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Long story, short, we were riding last saturday (27f) and after a very brief stop to make sure all riders were good to go, my friend started up my Trail 488, and went to accelerate, and it just wouldn't go. Engine bogged down, very sluggish throttle response, and wouldn't rev past 3200rpm. If the primary were even to start to engage, it would nearly stall the engine. It didn't sound normal to me, like it wasn't running on both cylinders evenly. Without much on the trail for extra parts and tools, I let my friend take my sled and ride with the group back home, so they could grab a vehicle and trailer to come rescue me.

Got the sled home, and started to try and diagnose. It ran fantastic for about 40 miles, and then without warning, would hardly run any more.

Things I've done:
Compression test (115pto/120mag).
Removed flywheel and checked for wiring damage at stator (still ohm checks at 154ohms on exciter coil).
Cleaned magnet surfaces on flywheel, and exciter coil magnet surfaces (they were rusty).
Engine has spark, seems to be pretty bright blue.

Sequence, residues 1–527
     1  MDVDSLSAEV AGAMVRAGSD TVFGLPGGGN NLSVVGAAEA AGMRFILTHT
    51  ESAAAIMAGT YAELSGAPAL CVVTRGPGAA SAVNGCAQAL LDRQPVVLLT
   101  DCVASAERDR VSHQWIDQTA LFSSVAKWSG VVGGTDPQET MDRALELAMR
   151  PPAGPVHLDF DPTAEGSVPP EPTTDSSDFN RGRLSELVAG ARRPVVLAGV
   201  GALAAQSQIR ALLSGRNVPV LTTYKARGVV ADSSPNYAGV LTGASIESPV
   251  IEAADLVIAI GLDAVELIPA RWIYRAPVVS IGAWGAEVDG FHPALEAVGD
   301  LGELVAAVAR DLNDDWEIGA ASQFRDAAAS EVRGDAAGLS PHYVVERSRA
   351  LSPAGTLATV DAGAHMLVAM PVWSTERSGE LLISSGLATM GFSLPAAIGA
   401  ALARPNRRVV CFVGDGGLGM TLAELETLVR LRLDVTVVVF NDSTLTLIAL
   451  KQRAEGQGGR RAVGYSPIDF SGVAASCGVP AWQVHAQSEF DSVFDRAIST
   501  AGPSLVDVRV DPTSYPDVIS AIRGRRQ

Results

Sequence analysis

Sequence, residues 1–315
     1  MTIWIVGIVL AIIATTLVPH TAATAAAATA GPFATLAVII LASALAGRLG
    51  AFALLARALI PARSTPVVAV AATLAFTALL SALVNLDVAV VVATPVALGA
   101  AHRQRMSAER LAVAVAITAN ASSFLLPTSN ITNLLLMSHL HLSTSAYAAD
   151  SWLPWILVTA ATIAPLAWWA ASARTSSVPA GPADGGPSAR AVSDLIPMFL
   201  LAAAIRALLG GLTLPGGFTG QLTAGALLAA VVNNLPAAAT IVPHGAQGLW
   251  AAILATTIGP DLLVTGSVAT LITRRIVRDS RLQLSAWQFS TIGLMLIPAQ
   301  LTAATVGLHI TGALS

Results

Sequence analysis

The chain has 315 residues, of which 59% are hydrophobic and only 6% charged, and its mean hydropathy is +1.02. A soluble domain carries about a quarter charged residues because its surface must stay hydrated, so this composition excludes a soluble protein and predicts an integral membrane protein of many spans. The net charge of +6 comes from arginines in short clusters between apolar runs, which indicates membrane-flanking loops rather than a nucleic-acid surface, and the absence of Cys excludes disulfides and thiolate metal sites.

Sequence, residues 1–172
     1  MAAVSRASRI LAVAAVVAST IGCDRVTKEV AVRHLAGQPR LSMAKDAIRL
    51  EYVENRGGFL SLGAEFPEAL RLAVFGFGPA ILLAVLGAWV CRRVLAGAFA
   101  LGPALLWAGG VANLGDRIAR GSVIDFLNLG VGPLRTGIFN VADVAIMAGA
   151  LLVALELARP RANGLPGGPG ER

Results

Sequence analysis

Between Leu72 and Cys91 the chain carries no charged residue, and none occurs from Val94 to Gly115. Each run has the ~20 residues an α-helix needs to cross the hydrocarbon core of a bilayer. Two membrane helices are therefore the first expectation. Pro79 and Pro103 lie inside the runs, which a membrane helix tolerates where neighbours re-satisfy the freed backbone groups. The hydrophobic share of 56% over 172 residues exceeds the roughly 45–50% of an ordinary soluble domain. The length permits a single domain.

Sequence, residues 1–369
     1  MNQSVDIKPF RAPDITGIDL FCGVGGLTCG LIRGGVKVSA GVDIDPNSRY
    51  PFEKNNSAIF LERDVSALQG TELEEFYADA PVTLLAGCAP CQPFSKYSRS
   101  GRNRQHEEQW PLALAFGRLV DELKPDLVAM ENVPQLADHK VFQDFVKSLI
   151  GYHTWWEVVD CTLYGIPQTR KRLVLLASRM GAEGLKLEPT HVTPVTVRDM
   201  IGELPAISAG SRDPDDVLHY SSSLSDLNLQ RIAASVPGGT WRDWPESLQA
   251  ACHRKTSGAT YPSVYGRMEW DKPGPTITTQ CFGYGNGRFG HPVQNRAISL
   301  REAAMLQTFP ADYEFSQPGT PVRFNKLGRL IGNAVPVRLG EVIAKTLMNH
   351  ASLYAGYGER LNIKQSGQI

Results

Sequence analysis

Pulled mag side case drain, some greyish oily liquid came out.
Checked both needles/seats on both carbs, made sure bowls were clean. Neither needles seemed to be sticking, but the two separated floats on the mag side carb didn't want to move on their stems really freely. Cleaned the stems with carb cleaner, and a light wire brush. Both seemed to be moving better when I put the carb back together.
Exhaust pipe pulled off to make sure there wasn't some sort of restriction.
Airbox checked for restriction as well.

There was a pebble stuck between the sealed side of the CDI and the fan housing, that maybe made a slight stress indent to the CDI case, but not 100% sure it did anything to the inside of the CDI box.